I’m going to give Samsung kudos here, I think a lot of companies would have just ignored the warnings of manufacturing defects from reviewers and sent the phone to market anyway, hoping to bilk cash from clueless customers before word got out the phone was defective.
Luckily, Samsung realized they had a potential disaster in the making and pulled the phone back just prior to launch:
Samsung has confirmed reports from earlier today that it is postponing the release of its $2,000 Galaxy Fold foldable phone only days before it was originally scheduled to go on sale. “We want our customers to have the best experience possible which is why, after initial feedback, we have decided to delay the release of the category-changing Galaxy Fold to make sure it measures up to the high standards we know you expect from us,” the company said. “We plan to announce the [new] release date in the coming weeks.”
Earlier today, The Wall Street Journal reported that the Fold won’t hit shelves until sometime in May at the earliest, but Samsung is giving itself plenty of leeway with its non-committal timeframe. In an email to customers who have already preordered the Fold, the company said they can expect a revised update on shipping details in two weeks (which would be May 6th). US carriers AT&T and T-Mobile are also slated to carry the premium device.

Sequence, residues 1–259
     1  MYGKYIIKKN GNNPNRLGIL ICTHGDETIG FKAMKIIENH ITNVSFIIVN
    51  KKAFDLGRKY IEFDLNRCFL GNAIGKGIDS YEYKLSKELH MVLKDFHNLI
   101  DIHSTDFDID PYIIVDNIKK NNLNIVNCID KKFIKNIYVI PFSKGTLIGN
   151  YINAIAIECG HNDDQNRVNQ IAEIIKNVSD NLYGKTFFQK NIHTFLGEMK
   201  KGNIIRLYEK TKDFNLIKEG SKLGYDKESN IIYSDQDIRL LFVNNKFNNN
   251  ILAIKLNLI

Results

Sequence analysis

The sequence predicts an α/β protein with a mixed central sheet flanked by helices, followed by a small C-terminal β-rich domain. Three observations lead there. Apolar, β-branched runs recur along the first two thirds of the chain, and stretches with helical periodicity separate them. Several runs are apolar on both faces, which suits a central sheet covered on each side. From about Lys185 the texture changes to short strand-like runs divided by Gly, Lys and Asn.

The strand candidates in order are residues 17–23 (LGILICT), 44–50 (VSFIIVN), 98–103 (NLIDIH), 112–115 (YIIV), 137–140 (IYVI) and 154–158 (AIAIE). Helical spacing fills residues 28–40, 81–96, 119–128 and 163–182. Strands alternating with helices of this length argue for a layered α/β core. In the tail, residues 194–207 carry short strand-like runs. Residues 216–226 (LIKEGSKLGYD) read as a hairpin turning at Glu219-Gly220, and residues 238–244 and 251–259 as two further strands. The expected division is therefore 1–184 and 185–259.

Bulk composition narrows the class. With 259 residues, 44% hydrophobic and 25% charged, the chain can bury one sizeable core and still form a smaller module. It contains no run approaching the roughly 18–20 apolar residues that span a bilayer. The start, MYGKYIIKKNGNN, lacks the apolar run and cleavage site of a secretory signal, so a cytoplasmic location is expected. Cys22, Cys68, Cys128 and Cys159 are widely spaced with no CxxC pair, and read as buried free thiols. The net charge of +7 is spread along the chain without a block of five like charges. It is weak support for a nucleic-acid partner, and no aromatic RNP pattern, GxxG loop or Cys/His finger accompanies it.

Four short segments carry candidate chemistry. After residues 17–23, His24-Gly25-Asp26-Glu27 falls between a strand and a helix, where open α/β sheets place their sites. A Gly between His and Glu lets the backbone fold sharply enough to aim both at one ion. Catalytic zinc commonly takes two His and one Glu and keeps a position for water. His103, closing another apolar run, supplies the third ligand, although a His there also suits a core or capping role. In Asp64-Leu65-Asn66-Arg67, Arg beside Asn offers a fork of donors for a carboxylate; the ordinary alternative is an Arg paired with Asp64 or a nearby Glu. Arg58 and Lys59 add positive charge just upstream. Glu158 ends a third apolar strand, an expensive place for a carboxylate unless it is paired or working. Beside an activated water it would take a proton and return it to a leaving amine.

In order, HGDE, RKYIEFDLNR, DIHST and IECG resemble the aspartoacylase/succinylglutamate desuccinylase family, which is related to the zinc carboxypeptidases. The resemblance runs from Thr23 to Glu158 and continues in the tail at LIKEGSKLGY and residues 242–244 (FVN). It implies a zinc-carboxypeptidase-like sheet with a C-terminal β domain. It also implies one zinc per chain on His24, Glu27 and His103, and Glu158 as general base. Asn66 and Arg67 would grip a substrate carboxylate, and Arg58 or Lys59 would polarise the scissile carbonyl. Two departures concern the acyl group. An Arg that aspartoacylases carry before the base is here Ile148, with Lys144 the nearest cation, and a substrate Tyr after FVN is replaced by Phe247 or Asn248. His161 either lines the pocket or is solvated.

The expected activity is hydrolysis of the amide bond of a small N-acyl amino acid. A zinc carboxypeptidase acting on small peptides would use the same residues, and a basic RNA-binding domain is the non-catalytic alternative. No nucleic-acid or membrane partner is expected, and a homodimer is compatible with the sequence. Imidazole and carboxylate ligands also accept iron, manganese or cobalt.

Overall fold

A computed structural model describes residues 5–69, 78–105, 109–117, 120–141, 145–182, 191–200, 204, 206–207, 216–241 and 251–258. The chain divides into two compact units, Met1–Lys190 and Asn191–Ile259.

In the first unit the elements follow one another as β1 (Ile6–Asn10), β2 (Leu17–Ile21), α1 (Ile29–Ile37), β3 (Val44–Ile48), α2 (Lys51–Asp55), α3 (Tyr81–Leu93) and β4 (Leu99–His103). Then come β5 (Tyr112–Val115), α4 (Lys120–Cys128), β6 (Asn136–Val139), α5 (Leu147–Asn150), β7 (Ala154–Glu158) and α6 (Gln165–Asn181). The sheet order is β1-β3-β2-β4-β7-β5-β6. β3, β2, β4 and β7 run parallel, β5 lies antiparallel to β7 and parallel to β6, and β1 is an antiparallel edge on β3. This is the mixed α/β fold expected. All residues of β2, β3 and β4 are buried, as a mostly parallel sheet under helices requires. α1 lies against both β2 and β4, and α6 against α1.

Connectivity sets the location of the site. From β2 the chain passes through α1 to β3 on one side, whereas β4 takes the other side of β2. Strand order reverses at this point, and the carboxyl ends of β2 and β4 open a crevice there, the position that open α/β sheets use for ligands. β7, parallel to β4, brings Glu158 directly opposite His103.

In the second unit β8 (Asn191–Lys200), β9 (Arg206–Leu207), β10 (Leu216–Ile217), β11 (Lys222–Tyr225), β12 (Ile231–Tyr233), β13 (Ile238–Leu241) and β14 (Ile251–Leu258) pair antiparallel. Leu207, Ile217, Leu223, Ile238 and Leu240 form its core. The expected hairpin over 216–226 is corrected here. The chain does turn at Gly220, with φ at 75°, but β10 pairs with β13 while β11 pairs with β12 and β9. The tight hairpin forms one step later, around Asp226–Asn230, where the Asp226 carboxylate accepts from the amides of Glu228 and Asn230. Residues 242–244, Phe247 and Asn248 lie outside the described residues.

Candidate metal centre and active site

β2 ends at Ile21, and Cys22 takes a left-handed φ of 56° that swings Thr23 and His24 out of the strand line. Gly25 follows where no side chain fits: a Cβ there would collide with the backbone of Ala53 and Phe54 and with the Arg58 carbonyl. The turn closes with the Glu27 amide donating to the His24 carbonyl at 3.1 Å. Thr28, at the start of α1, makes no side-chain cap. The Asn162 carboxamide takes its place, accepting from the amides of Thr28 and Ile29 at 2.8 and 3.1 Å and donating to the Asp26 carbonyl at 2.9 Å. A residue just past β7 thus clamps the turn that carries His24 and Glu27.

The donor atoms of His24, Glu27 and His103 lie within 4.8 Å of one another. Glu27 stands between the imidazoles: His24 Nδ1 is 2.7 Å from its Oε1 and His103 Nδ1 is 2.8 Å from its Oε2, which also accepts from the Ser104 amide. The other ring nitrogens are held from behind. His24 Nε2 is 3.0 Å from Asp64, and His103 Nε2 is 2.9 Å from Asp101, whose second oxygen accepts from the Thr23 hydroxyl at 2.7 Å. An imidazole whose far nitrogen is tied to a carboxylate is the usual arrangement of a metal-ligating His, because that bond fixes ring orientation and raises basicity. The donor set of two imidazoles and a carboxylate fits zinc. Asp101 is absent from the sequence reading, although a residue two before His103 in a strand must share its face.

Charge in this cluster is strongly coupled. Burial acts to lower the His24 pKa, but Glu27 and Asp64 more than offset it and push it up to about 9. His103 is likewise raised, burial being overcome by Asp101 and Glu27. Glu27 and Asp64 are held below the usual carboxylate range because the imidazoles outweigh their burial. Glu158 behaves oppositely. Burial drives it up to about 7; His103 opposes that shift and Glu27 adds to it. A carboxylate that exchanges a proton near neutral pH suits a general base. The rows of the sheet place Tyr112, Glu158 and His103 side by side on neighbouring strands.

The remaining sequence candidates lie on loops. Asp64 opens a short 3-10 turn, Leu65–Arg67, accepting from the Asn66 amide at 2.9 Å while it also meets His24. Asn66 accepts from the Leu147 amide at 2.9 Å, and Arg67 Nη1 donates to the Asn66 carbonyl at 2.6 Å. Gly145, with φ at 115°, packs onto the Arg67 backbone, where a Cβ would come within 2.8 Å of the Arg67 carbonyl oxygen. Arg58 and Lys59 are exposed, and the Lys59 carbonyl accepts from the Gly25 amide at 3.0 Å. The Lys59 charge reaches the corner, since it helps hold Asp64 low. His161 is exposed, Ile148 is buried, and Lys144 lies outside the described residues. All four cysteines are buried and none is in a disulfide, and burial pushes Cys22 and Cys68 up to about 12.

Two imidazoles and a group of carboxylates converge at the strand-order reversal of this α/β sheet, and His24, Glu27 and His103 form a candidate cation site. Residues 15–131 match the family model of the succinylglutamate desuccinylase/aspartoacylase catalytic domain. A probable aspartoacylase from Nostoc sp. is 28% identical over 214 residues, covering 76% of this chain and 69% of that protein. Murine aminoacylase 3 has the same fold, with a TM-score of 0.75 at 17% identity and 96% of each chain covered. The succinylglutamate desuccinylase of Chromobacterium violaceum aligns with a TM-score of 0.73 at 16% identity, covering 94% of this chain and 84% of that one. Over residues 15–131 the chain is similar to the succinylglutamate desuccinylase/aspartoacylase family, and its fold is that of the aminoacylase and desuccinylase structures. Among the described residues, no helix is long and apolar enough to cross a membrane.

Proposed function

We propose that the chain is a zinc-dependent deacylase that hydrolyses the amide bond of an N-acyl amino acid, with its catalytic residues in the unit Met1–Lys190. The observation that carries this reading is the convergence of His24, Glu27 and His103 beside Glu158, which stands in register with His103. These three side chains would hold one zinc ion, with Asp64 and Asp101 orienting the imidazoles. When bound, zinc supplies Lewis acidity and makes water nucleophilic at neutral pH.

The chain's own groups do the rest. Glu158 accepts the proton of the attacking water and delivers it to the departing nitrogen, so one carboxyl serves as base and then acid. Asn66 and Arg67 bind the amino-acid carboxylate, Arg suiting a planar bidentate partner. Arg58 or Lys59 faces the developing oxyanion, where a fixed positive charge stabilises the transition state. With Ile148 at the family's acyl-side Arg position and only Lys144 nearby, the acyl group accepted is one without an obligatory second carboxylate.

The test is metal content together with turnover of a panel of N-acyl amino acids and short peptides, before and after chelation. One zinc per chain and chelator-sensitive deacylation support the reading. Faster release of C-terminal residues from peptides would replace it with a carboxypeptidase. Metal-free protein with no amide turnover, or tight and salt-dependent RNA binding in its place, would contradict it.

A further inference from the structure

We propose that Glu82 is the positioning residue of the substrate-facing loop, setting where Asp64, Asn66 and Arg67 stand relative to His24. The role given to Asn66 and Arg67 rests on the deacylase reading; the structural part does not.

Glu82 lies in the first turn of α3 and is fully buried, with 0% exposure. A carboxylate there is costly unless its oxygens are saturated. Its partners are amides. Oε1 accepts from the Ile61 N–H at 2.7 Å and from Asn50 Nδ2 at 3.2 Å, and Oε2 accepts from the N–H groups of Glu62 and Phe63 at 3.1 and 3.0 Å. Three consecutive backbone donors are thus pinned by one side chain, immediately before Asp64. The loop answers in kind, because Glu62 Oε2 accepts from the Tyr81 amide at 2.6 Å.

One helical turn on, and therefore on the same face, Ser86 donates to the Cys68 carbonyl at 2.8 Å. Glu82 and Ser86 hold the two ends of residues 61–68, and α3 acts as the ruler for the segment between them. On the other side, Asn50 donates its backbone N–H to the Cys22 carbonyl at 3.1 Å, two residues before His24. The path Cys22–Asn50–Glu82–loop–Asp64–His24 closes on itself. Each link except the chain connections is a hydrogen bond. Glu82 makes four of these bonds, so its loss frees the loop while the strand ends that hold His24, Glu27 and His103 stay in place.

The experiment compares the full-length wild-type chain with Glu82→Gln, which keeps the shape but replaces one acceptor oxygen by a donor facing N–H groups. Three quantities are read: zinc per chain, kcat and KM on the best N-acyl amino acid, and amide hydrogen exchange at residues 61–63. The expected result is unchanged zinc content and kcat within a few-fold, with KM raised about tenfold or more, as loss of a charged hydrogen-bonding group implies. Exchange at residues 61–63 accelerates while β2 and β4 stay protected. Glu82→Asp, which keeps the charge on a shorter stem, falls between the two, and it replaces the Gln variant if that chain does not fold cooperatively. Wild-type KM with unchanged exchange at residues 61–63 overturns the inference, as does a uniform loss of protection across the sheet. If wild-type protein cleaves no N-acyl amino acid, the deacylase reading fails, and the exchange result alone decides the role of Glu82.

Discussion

The Galaxy Fold’s durability has come into question after several review units failed in quick succession due to issues with their displays. Some units broke after the confusing “protective layer” was mistakenly pulled off the screen. But in other cases (such as The Verge’s own), the Fold catastrophically failed after just a day or two of normal use. With our first unit, debris seemingly made its way into the hinge and underneath the inside display. CNBC’s review device also failed for no obvious reason.
But aside from fixing the Fold itself, Samsung must also assess how this phone came so close to shipping with what seem to be severe design flaws. If not for a wave of negative press hitting just before it was too late, who knows where we would’ve ended up.
I have to agree with the sentiment in the last paragraph. How the heck did this thing get so close to shipping in its current condition?